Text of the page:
image file: c8qm00460a-f1.tif
Fig. 1 (a) Size and size-distribution of the AO12CB[6] NPs in an aqueous solution, measured by DLS. Inset: Tyndall effect of the NPs in an aqueous solution. (b) Representative TEM image of the AO12CB[6] NPs. Inset: Enlarged image showing an individual NP. (c) Representative SEM image of the AO12CB[6] NPs. (d) CLSM image of the Cy5 loaded NPs.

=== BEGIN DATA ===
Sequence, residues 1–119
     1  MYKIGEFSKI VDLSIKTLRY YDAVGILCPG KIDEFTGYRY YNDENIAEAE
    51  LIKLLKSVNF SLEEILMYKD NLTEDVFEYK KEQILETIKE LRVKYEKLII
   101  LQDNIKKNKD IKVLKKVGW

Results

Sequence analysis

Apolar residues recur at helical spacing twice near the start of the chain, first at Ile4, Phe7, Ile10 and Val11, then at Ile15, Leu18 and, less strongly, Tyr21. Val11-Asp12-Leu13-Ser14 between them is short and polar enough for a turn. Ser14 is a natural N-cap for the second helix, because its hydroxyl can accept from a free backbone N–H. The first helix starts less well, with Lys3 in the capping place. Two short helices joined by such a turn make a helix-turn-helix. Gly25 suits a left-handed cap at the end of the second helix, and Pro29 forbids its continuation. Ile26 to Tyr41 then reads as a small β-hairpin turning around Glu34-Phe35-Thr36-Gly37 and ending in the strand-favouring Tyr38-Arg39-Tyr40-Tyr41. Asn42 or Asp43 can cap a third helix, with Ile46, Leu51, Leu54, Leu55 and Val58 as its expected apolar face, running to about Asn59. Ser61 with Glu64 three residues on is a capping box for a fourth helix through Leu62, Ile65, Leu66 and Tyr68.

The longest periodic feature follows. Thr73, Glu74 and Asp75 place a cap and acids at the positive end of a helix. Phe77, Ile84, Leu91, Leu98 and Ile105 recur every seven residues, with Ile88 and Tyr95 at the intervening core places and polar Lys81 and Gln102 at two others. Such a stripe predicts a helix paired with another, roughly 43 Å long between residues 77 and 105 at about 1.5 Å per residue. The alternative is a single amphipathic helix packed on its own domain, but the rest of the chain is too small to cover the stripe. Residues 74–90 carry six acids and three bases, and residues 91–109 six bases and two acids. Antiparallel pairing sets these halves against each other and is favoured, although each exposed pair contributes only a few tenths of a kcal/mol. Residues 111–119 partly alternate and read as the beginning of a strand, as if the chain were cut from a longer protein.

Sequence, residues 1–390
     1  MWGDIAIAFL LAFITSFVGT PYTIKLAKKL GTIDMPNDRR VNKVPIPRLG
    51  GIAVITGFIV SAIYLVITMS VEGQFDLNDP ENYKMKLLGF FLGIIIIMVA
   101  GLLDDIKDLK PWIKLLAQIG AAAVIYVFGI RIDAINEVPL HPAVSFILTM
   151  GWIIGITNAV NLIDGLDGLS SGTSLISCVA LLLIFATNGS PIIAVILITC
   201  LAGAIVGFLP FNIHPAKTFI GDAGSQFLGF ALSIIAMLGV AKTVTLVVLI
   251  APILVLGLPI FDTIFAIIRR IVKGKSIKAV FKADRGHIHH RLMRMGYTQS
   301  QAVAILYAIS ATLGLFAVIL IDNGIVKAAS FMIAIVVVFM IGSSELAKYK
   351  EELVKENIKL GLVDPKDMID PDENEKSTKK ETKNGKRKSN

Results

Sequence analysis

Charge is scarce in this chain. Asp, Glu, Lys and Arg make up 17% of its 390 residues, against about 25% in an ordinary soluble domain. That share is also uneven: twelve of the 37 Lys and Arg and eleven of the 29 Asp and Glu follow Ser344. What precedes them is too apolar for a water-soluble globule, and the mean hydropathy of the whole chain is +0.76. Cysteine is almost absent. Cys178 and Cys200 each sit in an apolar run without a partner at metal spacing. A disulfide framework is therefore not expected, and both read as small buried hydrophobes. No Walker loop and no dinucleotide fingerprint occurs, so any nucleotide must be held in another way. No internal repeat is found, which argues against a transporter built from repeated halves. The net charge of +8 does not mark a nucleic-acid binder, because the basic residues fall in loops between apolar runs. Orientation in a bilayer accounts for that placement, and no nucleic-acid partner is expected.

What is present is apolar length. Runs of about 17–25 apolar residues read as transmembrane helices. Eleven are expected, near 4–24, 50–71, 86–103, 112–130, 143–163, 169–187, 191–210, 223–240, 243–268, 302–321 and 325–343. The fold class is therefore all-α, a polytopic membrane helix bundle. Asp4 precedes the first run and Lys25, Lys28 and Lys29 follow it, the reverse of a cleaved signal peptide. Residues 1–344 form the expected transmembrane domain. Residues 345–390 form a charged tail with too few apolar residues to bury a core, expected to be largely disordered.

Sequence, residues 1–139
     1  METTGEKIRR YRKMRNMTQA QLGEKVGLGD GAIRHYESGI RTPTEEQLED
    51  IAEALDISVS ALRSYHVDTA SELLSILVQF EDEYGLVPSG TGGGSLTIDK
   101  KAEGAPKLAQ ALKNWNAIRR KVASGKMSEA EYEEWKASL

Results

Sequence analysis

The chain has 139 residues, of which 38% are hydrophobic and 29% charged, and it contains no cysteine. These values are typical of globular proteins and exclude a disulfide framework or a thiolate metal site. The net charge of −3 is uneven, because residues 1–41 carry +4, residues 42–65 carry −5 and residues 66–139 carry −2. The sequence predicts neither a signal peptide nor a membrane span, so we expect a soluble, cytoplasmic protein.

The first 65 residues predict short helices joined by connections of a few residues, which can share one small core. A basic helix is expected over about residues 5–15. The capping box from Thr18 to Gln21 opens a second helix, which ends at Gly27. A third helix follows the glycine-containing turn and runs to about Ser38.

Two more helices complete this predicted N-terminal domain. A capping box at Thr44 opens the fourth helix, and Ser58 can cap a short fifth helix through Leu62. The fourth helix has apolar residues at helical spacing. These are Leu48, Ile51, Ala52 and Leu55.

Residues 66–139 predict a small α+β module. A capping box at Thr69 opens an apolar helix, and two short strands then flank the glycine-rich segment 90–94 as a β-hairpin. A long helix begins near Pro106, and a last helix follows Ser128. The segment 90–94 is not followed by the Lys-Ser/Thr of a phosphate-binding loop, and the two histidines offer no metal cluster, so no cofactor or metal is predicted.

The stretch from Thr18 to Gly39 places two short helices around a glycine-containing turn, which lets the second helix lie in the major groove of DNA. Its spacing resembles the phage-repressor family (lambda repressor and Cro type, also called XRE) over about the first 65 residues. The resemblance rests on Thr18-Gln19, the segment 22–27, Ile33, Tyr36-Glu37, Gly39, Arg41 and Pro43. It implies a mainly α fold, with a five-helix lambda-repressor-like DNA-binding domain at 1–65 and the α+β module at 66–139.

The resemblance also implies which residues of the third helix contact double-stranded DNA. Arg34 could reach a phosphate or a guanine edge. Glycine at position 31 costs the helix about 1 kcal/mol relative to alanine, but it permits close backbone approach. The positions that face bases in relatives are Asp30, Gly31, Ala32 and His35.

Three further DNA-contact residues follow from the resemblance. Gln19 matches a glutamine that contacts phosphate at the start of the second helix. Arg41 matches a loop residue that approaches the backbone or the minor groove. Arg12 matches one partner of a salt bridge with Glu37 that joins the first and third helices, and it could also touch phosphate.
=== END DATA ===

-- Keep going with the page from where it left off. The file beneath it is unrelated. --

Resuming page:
To investigate intracellular drug delivery of the NPs, paclitaxel (PTX) was employed as a representative anticancer drug because of its poor water solubility and low specificity that often leads to severe side effects in its clinical applications.9 The preparation of PTX loaded NPs (PTX-NPs) was conducted using the same method as described above, by dissolving both PTX and AO12CB[6] together in DCM. The drug encapsulation efficiency (DEE) and drug loading efficiency (DLE) of the PTX loaded NPs reached up to 91.0% and 34.7%, respectively (Table S2, ESI), suggesting a significant potential for practical application of the NPs as drug carriers.